My desire to write about the new campaign with respect to Iran is minimal. It's a very painful topic and I have little expertise in war politics. But not writing about it conveys the image that I don't care and so I need to put in the occasional doom-and-gloom post, for the sake of my conscience.
A good way to begin is with this quote:
Richard Wolffe and Holly Bailey write for Newsweek: "For weeks now, Iran has eclipsed Iraq as the subject of the biggest parlor game in Washington. Is the president heading to war or committed to peace? It turns out the answer is something in between. The practice of sending mixed messages -- about whether the government of Iran is involved or not, whether the proper response should be military or not, whether the intel on the country is good or not -- seems to be an intentional policy."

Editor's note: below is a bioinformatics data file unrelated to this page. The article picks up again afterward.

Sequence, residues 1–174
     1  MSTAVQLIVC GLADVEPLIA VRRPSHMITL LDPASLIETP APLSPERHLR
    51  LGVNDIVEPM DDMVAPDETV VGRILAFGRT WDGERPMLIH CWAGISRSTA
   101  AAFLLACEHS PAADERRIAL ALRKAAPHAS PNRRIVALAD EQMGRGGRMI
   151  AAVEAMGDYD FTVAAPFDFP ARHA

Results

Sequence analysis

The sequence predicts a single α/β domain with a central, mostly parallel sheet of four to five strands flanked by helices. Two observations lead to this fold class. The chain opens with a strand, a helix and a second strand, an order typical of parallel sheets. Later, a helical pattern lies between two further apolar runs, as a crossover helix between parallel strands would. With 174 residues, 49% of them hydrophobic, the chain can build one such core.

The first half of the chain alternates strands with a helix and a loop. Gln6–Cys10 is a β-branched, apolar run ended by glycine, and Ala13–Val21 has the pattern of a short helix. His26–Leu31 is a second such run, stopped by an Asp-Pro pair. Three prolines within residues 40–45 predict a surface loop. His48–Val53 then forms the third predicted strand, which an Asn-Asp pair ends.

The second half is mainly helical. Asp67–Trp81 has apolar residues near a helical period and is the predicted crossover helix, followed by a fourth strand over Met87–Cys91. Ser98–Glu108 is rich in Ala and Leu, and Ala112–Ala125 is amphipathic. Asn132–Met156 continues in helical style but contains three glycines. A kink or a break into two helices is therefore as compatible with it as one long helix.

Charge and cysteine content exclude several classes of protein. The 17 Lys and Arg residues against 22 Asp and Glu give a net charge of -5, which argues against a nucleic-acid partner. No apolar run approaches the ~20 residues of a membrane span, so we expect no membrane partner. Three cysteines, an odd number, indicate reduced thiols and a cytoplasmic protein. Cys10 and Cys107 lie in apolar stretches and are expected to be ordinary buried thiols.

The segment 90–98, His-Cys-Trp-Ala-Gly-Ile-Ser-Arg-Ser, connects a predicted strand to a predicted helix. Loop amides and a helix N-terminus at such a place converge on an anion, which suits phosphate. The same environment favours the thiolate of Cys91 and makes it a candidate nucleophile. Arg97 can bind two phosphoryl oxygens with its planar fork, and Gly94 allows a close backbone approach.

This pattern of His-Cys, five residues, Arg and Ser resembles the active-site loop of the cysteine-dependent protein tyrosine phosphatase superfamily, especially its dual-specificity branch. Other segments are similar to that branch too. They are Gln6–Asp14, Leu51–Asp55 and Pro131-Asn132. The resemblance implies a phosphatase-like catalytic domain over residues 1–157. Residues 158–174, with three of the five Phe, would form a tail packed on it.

I agree, based on my far-distant and humble point of observations. But such an intentional policy also has a name. It's called the Game of Chicken, and the success in such a game depends very much on how crazy the opponent is. This should make you sweat a little, given what we know about the current Iran leadership.
Or put another way, you don't poke at the wasps' nest unless you have a good plan for a retreat.